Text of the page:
24 July 2012

'Toe-walking' in kids may be tied to mental woes

As many as one in 20 children may predominantly walk on their toes in early childhood. Youngsters who have developmental delays or neuropsychiatric disorders, however, are more likely to walk on their toes, according to a new study.


As many as one in 20 children may predominantly walk on their toes in early childhood. Youngsters who have developmental delays or neuropsychiatric disorders, however, are more likely to walk on their toes, according to a new study from Sweden.

Toe-walking is a condition where children walk on their toes instead of using a typical gait. Certain conditions, such as cerebral palsy, can cause toe-walking, according to background information in the study. But, sometimes, toe-walking occurs in children who appear to be healthy otherwise. This is called idiopathic, or habitual, toe-walking.

How the study was done

In the Swedish study, at 5.5 years old, more than 40% of children with developmental delays or neuropsychiatric disorders, such as an autism spectrum disorder, were currently or had been toe-walkers.

Although the number of children with "a neuropsychiatric disorder in this study is too small for conclusions," the authors reported, the study "confirms earlier findings that toe-walking has a high prevalence among children with a cognitive [or mental] disorder."

And, they noted that toe-walking in otherwise healthy children often resolves on its own. By 5.5 years, "more than half of the children have spontaneously ceased to walk on their toes," they concluded.

Results of the study were released online, in advance of publication in the issue of Pediatrics.

How common is toe-walking?

To get an idea of the prevalence of toe-walking, and the natural course of the condition, Drs Pahr Engstrom and Kristina Tedroff of the Karolinska Institute in Stockholm reviewed data on 5.5-year-old children living in Blekinge County, Sweden.

There were almost 1 500 youngsters included in the study, including 35 children who were seen at a clinic for children with special needs. Seventeen of these children had developmental delays or neuropsychiatric disorders.

Thirty (20 boys and 10 girls) of the otherwise healthy children were current toe-walkers. That represented about 2% of all the children. Another 40 children (22 boys and 18 girls) had previously walked on their toes. That means about 5% of the county's 5.5-year-old children had a history of toe-walking.

Most of the children, but not all, started walking on their toes. Eleven children developed toe-walking during their first year of walking, according to the study.

Of the 17 children with developmental delays or neuropsychiatric disorders, seven boys (41%) had a history of toe-walking. About half of these children started walking on their toes. In two children, toe-walking started during the first year of walking, and one youngster started toe-walking during the second year of walking, the researchers found.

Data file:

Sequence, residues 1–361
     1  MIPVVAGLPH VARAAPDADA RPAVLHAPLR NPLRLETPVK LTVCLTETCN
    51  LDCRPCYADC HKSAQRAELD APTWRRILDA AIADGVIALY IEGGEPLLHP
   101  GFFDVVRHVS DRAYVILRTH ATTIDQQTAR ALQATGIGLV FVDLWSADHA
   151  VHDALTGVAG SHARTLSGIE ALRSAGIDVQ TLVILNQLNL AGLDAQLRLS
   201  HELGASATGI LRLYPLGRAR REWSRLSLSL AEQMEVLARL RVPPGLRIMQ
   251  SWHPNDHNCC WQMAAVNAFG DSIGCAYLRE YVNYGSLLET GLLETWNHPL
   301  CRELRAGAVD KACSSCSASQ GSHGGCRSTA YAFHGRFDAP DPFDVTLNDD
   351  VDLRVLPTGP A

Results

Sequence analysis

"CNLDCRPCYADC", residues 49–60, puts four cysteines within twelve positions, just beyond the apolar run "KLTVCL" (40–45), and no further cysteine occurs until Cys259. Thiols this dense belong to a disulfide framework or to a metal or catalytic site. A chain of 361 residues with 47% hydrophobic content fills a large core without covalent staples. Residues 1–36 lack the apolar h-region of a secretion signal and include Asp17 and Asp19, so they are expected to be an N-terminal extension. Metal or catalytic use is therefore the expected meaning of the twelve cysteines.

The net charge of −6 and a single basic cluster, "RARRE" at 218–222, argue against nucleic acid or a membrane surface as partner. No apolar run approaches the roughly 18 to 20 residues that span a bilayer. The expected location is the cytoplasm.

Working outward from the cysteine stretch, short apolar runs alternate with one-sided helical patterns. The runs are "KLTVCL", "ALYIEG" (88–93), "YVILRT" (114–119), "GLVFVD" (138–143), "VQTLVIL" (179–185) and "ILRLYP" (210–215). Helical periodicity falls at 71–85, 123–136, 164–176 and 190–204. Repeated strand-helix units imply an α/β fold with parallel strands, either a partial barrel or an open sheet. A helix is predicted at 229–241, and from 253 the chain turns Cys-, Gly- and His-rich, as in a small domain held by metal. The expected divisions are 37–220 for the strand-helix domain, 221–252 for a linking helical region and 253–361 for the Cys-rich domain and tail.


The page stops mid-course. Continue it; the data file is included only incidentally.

Left untreated, toe-walking can cause damage to the structures in the legs, ankles and heels. It can also create a social stigma, according to the study authors.

Intervention is important

Commenting on the study, Dr Pete Richel, chief of paediatrics at Northern Westchester Hospital in Mt. Kisco, N.Y., said: "Although many of these cases are labelled idiopathic, which means without a known cause, as clinicians and parents, I think we have to consider whether there is an organic cause that may be so subtle it's not always evident." He said some toe-walking children may have sensory issues that don't meet the level for diagnosis of an autism spectrum disorder, but still might benefit from treatment.

Occupational therapist Chantell D'Avignon, from Ft. Lauderdale, Fla., added that "every child is different and every treatment is different, but early intervention is key. The brain from zero to three years old is much more pliable."

Colleen Harper, a physical therapist and director of developmental, rehabilitative and child life services at La Rabida Children's Hospital in Chicago, agreed that early treatment is important.

"Many issues are easy to fix at 18 months, but very hard at five years," said Harper.

For example, kids who walk on their toes often walk with their stomachs forward, and part of treatment has to include moving that centre of gravity back. And, the longer that posture has been practised, the longer it will likely take to correct.

Harper noted that while the Swedish study didn't address this cause, in the United States, spending too much time in a baby walker is a common source of toe-walking. She said that paediatricians and physical therapists advise parents not to use these devices because they're generally unsafe, and toe-walking can be an unintended consequence.

All three experts advised parents to bring up toe-walking with their child's paediatrician, who can determine if further treatment is necessary. And, Richel pointed out that while children with developmental delays and neuropsychiatric disorders may have higher rates of toe-walking, toe-walking on its own doesn't necessarily mean your child has one of these conditions.

Because while the study uncovered an association between toe-walking and developmental delays or neuropsychiatric disorders, it did not prove a cause-and-effect relationship.

Read more:
How to choose children's shoes

More information

Learn more about toe-walking in children from the Seattle Children's Hospital.

(Copyright © 2012 HealthDay. All rights reserved.)




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